Thomas Henry Wyatt

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Thomas Henry Wyatt
Thomas Henry Wyatt by George Landseer.jpg
Thomas Henry Wyatt by George Landseer [1]
Born(1807-05-09)9 May 1807
Lough-Glin House, County Roscommon
Died5 August 1880(1880-08-05) (aged 73)
Awards Royal Gold Medal (1873)

Thomas Henry Wyatt (9 May 1807 – 5 August 1880) was an Anglo-Irish architect. [2] He had a prolific and distinguished career, being elected President of the Royal Institute of British Architects 1870–73 [3] and being awarded its Royal Gold Medal for Architecture in 1873. [4] His reputation during his lifetime was largely as a safe establishment figure, and critical assessment has been less favourable more recently, particularly in comparison with his younger brother, the better known Matthew Digby Wyatt.

Royal Institute of British Architects professional body for architects primarily in the United Kingdom

The Royal Institute of British Architects (RIBA) is a professional body for architects primarily in the United Kingdom, but also internationally, founded for the advancement of architecture under its charter granted in 1837 and Supplemental Charter granted in 1971.

Royal Gold Medal Royal Institute of British Architects award

The Royal Gold Medal for architecture is awarded annually by the Royal Institute of British Architects on behalf of the British monarch, in recognition of an individual's or group's substantial contribution to international architecture. It is given for a distinguished body of work rather than for one building, and is therefore not awarded for merely being currently fashionable.

Matthew Digby Wyatt British architect and art historian

Sir Matthew Digby Wyatt was a British architect and art historian who became Secretary of the Great Exhibition, Surveyor of the East India Company and the first Slade Professor of Fine Art at the University of Cambridge. From 1855 until 1859 he was honorary secretary of the Royal Institute of British Architects, and in 1866 received the Royal Gold Medal.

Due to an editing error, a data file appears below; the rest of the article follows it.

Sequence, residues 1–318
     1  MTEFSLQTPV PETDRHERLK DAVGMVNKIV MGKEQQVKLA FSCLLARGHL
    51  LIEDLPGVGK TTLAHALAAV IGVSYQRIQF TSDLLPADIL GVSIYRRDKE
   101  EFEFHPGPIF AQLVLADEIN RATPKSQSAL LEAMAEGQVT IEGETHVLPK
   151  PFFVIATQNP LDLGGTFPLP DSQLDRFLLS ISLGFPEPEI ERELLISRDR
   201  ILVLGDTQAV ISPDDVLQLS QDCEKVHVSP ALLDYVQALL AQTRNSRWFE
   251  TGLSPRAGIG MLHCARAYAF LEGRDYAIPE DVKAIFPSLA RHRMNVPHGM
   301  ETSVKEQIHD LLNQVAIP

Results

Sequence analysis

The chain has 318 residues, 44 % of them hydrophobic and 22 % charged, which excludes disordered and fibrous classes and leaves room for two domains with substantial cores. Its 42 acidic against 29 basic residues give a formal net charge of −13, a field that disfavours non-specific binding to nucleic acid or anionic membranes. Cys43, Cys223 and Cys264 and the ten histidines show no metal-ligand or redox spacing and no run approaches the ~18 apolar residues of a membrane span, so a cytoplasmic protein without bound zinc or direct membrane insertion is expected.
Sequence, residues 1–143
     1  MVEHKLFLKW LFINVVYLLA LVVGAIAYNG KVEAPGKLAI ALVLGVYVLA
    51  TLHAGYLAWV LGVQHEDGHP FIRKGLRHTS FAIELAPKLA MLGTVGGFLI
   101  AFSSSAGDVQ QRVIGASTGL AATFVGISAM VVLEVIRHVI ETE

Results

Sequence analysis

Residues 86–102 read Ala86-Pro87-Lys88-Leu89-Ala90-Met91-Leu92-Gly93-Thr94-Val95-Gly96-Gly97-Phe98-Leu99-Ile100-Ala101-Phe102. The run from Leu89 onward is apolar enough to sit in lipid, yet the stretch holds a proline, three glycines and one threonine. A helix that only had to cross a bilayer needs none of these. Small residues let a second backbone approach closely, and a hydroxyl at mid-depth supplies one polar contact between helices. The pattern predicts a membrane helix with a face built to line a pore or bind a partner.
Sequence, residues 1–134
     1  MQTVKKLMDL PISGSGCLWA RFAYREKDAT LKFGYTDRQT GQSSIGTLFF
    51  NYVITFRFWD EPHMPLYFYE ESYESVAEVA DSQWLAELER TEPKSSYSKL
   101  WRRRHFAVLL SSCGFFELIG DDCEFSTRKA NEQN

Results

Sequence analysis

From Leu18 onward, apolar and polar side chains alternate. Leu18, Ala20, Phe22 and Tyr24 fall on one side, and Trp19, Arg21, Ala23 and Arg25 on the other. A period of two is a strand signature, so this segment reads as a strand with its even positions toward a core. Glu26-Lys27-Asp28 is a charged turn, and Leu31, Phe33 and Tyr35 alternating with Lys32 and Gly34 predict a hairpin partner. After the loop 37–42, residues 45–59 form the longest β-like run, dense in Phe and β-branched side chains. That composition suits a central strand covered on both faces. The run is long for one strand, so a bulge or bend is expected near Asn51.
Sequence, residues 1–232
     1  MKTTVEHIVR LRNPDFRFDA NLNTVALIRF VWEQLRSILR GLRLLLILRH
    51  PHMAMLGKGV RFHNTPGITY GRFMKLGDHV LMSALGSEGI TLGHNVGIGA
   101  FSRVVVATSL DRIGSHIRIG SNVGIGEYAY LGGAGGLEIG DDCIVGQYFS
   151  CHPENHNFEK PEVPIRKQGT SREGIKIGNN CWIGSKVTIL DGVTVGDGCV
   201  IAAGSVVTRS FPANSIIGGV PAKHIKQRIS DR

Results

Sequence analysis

Personal and family life

Wyatt was born at Lough-Glin House, County Roscommon. His father was Matthew Wyatt (1773–1831) a barrister and police magistrate for Roscommon and Lambeth. Wyatt is presumed to have moved to Lambeth with his father in 1825 and then initially embarked on a career as a merchant sailing to the Mediterranean, particularly Malta.

County Roscommon County in the Republic of Ireland

County Roscommon is a county in Ireland. In the western region, it is part of the province of Connacht. It is the 11th largest Irish county by area and 27th most populous. Its county town and largest town is Roscommon. Roscommon County Council is the local authority for the county. The population of the county was 64,544 according to the 2016 census.

Malta island republic in Europe

Malta, officially known as the Republic of Malta, is a Southern European island country consisting of an archipelago in the Mediterranean Sea. It lies 80 km (50 mi) south of Italy, 284 km (176 mi) east of Tunisia, and 333 km (207 mi) north of Libya. With a population of about 475,000 over an area of 316 km2 (122 sq mi), Malta is the world's tenth smallest and fifth most densely populated country. Its capital is Valletta, which is the smallest national capital in the European Union by area at 0.8 km². The official languages are Maltese and English, with Maltese officially recognised as the national language and the only Semitic language in the European Union.